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So, You Still Think There's An Embargo - XXIV
Thursday, February 02, 2006 By: Juan Paxety
Now the oil companies stake their claim
Our addiction to oil, the one President Bush talked about in the State of the Union speech, seems to be driving us to a typical addictive behavior - getting our addictive substance from a bad character. The Miami Herald is reporting US oil executives are talking to fidel:
This week, American energy executives will meet their Cuban counterparts in the first private-sector oil summit between the two countries. Cubans hope to inform the businessmen of their country's oil potential while undermining the embargo, which has often frustrated American corporations.
The three-day meeting, which kicks off today, is sponsored by the U.S.-Cuba Trade Association, along with Valero Energy Corp., the United States' biggest oil refiner; the Louisiana Department of Economic Development; and the Texas Port of Corpus Christi, among others.
US oil companies have watched, probably in horror, as companies from India, China, Canada and Norway have explored for Texas tea off the shore of fidel's workers' paradise.
Kirby Jones (seen at right with the billionaire bearded bastard) is president of the US-Cuba Trade Association, and his company, Alamar Associates, organized the meeting. According to its website, Alamar has been in the business of propping up fidel since 1974. Alamar publishes a letter from the president of Cuba's oil company:
TO: All participants in the U.S.-Cuba Energy Summit
On behalf of my colleagues from the Ministry of Basic Industry and CubaPetroleo, I look forward to meeting you at the upcoming U.S.-Cuba Energy Summit to be held in Mexico City from February 2-4, 2006.
In the last few years, Cuba has undertaken a significant expansion in the development of its energy sector. This has involved the investment of $ 1.7 billion on the part of the Government of Cuba and its foreign partners from Canada, Europe, and Latin America.
The exploration of Cuba’s Exclusive Zone in the Gulf of Mexico constitutes one example of the new opportunities for investment in the energy sector. Our activities with the Sherritt International Corporation continue to develop and expand in this area.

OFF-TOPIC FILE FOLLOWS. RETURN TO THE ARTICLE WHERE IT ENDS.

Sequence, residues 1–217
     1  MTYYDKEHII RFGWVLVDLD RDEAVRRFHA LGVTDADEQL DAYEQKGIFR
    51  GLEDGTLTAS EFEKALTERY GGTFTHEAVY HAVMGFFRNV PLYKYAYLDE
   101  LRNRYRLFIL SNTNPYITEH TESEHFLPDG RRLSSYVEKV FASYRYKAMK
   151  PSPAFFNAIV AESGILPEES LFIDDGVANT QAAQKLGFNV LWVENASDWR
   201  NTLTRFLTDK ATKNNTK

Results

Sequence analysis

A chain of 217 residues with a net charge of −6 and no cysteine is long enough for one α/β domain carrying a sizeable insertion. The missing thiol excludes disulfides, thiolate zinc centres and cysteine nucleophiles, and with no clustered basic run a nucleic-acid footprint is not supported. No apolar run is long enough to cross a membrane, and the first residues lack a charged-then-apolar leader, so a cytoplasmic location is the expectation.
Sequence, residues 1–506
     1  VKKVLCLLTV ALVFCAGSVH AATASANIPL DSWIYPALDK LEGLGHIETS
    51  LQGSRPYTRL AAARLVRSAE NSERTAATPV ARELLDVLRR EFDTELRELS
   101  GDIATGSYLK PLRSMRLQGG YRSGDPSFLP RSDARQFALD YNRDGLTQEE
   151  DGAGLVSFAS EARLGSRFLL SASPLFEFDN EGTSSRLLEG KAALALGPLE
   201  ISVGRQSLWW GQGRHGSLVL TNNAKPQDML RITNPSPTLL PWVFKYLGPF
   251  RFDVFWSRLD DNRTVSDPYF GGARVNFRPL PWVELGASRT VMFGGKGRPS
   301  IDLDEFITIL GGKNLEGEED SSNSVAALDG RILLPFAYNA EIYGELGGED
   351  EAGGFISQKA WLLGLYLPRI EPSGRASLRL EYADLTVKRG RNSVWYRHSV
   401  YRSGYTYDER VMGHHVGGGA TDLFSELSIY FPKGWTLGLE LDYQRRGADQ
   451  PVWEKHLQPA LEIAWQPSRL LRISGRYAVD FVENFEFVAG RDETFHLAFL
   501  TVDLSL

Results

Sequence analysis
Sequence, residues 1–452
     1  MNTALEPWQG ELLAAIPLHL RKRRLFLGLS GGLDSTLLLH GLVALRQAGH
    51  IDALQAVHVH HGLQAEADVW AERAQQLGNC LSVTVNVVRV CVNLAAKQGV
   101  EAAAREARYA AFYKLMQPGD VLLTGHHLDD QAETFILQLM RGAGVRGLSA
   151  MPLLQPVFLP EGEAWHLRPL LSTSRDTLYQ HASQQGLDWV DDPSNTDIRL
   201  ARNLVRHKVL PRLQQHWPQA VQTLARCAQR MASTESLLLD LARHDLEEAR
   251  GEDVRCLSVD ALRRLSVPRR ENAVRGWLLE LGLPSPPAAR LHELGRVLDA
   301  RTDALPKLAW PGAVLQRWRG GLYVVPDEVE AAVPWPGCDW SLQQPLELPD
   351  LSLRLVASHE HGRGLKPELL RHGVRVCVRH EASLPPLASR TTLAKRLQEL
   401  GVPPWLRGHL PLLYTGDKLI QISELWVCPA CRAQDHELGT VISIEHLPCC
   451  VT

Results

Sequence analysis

This is one example of our objective to develop associations to start up developmental projects in exploration, production, refining, and distribution.
To achieve our objectives in the next few years, we will require investments by additional foreign companies, advanced technologies, special high level services, and all other necessary aspects of the operation and servicing of the entire chain of the industry such as purchase of equipment and services in order to satisfy the national needs and the consumption of electricity.
The Summit in Mexico City will permit us to provide the information that is most useful to your company. Additionally we will have the opportunity to learn about your products and services.
We would be very pleased to have the chance to do business together, but unfortunately that is not possible now. But we can begin the process to get to know each other, exchange contact information, and initiate a process that will keep us both up to date with each other.
In this way, both of us will be prepared to discuss real business opportunities as soon as that becomes possible.
All information about the upcoming U.S.-Cuba Energy Summit is available on its website at www.uscubasummit.org
I look forward to meeting with you in Mexico City this coming February.
Fidel Rivero Prieto
All so civilized. Will the increased energy production get to the people of Cuba, or will it simply be used to provide more reliable power for the tourist hotels?
Other sponsors of the event include Caterpillar, The Port of Corpus Christi, Louisiana Economic Development, Valero Energy Corporation, Corpus Christi Regional Economic Development Corporation, National Foreign Trade Council, and USEngage. Their greed is their motive, as shown by the statement of Mike Oliver, secretary of the Louisiana Department of Economic Development, as quoted in The Herald.
"Nobody wants to be left out, and the potential business in this new market for Louisiana companies is significant,'' Olivier said.
Seems to me the Cuban people have been left out since January 1, 1959.
Update - El Confeti has comments, too, as does La Ventanita at Wall Street Cafe. Marc at Uncommon Sense adds his views here.
| Technorati Tag: Cuba